In recent years, America’s cinematic ecosystem has grown increasingly inhospitable to earnest independent productions like this, films which admirably but ill-advisedly steer clear of those contrivances (such as “likable” protagonists and ticking-clock suspense) that might ensure a more populist reception. Here, Granik
See full article at Variety - Film News »

‘Leave No Trace’ Film Review: Debra Granik Returns with Another Subtle Powerhouse Drama

‘Leave No Trace’ Film Review: Debra Granik Returns with Another Subtle Powerhouse Drama
There’s a fair amount of pressure on Debra Granik’s new indie: Every film she’s taken to Sundance has been a winner, starting with her short “Snake Feed” in 1998. In 2004, her celebrated drama “Down to the Bone” brought awards for both her and then-up-and-coming actress Vera Farmiga. And 2010’s “Winter’s Bone” went on to earn four Oscar nominations, including one for Best Picture and another for the film’s little-known lead, Jennifer Lawrence. So yeah, comparisons will be made. But are they fair? Not really. It would be unlikely for any director to achieve the same sort of commercial triumph...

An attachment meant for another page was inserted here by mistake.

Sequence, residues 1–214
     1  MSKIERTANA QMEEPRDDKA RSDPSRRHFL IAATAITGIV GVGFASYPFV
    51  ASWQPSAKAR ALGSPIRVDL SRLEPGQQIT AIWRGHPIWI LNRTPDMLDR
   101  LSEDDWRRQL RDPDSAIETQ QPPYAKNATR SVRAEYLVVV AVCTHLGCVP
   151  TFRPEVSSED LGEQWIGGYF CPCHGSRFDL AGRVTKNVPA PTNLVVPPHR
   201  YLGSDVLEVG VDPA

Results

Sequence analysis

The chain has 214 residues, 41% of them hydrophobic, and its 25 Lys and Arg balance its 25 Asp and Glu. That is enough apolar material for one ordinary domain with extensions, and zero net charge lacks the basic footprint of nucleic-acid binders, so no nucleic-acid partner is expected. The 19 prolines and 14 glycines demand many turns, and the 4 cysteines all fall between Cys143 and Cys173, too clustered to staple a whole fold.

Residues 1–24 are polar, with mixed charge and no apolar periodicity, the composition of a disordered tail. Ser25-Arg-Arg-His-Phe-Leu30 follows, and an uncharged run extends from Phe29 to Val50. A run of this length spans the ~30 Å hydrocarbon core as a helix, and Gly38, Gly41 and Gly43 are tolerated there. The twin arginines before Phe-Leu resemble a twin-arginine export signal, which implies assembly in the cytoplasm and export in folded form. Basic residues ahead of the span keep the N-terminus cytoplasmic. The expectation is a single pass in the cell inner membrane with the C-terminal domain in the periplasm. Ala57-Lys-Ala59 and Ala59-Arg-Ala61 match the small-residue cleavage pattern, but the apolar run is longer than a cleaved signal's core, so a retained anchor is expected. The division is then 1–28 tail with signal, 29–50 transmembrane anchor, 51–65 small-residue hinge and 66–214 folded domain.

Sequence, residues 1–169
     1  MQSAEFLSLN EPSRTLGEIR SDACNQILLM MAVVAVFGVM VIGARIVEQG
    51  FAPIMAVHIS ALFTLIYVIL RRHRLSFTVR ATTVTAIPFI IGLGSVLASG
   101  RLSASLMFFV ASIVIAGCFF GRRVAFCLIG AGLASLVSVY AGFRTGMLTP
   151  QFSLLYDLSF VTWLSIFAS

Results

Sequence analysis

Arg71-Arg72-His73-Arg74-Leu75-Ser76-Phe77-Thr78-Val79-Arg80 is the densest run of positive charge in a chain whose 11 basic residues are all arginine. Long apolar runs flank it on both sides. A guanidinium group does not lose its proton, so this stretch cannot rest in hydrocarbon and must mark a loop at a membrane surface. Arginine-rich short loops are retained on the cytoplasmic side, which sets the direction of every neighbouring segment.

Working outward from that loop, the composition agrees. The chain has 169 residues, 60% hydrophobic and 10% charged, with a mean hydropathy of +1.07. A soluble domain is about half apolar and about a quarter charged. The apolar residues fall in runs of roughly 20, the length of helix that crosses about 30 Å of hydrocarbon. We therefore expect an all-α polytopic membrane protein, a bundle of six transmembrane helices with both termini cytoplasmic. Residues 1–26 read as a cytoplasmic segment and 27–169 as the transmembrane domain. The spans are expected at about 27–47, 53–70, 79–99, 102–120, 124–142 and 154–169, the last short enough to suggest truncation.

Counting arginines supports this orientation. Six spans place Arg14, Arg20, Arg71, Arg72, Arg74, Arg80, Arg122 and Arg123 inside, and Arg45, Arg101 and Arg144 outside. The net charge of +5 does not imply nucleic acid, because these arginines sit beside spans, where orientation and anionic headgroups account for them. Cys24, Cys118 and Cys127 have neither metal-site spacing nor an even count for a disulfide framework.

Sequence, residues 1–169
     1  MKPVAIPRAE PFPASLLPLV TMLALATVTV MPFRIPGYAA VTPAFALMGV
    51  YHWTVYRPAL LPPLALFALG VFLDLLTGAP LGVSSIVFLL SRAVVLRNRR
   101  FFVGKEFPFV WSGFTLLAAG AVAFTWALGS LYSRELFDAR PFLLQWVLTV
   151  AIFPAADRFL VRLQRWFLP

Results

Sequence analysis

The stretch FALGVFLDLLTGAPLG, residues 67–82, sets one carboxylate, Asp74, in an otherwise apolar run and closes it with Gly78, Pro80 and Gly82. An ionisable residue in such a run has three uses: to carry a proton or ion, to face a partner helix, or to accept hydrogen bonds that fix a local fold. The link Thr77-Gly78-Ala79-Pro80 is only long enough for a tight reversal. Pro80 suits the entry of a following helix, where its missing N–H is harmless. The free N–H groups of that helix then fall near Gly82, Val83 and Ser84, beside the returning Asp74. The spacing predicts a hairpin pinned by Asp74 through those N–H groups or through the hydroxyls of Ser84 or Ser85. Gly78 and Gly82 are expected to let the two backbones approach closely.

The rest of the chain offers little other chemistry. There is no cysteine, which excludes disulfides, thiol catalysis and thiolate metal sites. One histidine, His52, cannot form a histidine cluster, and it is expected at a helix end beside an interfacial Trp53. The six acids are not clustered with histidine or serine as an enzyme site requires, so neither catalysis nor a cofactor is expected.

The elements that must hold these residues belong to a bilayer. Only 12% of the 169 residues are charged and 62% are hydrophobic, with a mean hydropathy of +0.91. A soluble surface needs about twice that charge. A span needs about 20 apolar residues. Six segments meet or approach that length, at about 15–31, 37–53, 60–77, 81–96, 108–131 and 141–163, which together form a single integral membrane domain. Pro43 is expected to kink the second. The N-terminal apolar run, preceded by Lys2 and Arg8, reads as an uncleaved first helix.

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'Colette': Film Review | Sundance 2018

'Colette': Film Review | Sundance 2018
An enjoyable account of how France's most famous female author came out of the closet in more ways than one, Wash Westmoreland's Colette casts Keira Knightley as the country girl whose literary gifts (with the help of salacious plotlines) outshone those of all the male writers around her, including her celebrated husband. Skeptics may grouse that a movie about the creme de la creme of Paris is cast entirely with English actors, but this is not a film for the highest of highbrows. Taken on its terms, it is an engaging literary coming-of-age story, and one embodied ably by its...
See full article at The Hollywood Reporter - Movie News »